Why Do Young Clarinet Players Play Flat?

This is a guest post from Rheuben Allen, taken from his site with permission.

Why do young clarinet players play flat?

Elementary school and middle school students who choose to play the clarinet often have an issue playing in tune. But they’re not necessarily to blame.

The manufacturers of many student clarinets sell instruments with barrels that are simply too long for the beginning player. So if you, or your child, are playing a clarinet straight out of the case and are having an issue with pitch, the solution might be simpler than you think.

Young students who are just starting to produce sound on their instruments but have not yet developed a good embouchure are better off using a shorter barrel at the beginning. By using a longer barrel, they can actually develop a few bad habits that will be harder to change later on down the line. These habits can include biting the reed or tightening the bottom lip in order to get the pitch up.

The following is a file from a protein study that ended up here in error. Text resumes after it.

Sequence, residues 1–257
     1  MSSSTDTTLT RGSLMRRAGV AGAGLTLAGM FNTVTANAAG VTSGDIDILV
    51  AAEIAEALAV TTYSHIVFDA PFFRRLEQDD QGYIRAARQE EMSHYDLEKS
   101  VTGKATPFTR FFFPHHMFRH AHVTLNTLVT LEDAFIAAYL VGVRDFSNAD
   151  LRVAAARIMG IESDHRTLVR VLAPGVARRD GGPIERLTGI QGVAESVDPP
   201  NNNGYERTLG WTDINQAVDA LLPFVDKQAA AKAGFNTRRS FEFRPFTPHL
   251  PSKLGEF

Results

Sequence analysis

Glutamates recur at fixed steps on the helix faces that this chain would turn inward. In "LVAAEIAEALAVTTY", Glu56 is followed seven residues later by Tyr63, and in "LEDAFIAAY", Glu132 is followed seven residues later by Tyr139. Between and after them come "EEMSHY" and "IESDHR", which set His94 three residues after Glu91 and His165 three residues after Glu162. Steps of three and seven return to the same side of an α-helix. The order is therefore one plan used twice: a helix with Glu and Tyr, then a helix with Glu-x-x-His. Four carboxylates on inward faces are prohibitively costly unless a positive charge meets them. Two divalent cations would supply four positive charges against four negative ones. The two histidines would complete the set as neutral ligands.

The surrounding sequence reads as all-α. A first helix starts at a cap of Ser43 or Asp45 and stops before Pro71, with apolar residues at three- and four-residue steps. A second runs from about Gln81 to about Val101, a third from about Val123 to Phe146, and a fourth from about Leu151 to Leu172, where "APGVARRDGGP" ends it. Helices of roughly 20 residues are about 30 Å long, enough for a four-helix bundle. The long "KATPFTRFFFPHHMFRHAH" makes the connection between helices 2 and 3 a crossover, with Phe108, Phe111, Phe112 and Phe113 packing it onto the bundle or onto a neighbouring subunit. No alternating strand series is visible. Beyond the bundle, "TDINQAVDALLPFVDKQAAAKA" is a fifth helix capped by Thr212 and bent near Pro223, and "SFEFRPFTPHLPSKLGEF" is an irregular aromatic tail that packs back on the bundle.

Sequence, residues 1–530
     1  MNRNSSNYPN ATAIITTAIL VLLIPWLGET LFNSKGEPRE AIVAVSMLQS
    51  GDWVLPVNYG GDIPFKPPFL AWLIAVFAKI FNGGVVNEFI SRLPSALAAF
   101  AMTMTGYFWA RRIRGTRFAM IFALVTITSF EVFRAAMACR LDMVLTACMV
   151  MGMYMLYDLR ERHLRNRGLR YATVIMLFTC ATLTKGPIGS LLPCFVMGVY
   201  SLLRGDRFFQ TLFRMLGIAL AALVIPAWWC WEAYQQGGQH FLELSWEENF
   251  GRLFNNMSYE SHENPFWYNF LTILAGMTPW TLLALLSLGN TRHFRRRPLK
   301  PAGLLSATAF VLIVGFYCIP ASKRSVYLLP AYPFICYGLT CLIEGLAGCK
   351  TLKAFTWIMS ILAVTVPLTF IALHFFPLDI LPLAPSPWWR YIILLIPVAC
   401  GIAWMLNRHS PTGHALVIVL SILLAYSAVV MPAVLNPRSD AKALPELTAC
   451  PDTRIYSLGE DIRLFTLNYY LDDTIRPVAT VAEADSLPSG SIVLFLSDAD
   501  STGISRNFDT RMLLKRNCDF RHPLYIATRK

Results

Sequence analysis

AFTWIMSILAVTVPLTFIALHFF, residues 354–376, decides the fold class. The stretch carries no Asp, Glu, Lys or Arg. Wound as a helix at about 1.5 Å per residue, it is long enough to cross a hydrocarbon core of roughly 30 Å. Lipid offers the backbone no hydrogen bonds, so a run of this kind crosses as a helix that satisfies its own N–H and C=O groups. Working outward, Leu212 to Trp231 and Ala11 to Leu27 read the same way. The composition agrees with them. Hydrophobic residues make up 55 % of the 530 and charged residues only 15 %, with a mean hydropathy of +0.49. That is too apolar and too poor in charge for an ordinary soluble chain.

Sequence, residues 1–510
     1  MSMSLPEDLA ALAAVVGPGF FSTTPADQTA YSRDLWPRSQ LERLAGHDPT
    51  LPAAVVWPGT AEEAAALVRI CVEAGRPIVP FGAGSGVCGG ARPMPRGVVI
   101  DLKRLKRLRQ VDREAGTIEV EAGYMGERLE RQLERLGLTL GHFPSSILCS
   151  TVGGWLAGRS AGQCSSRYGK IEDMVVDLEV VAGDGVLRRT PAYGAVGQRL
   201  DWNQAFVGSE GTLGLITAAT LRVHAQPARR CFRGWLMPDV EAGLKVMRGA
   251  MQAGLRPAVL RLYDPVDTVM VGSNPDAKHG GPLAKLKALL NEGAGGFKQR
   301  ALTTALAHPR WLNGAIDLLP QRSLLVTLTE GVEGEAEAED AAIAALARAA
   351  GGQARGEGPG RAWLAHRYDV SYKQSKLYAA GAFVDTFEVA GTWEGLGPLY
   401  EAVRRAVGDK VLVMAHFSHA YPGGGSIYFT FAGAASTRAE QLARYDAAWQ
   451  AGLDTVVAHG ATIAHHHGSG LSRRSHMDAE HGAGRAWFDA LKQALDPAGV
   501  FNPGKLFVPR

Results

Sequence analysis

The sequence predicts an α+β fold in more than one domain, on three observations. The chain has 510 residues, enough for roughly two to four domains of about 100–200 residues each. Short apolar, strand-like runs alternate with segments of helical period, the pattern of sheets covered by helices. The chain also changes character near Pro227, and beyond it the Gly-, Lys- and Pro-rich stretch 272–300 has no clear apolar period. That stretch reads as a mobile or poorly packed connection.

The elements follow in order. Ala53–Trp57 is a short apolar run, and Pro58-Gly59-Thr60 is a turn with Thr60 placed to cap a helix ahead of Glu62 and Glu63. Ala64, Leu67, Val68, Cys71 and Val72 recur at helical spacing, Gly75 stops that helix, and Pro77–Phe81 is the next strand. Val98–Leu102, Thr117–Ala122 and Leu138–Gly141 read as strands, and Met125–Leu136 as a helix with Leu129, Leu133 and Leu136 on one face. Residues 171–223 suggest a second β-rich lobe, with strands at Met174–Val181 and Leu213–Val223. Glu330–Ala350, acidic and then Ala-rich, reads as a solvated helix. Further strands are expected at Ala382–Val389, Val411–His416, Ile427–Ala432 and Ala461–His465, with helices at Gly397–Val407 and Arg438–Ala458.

In result, these bad habits cause the tone to become thin and affect the response of the instrument. Students then struggle to play unnecessarily.

The majority of student clarinets come with a 65mm or 66mm barrel. These barrel lengths usually require a thicker reed (3.5 to 5 strength) to get the pitch up to where it needs to be and many young students aren’t yet ready for a hard reed.

Because students aren’t yet ready for harder reeds, the better option would be to use either a 64mm or 63mm barrel so that they have the opportunity to develop a more relaxed embouchure. This will allow them to more easily produce a better tone and they will be more comfortable playing. It will make their experience that much more enjoyable!

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Published on: September 9, 2015

Filled Under: Music and Career Advice

Views: 1151

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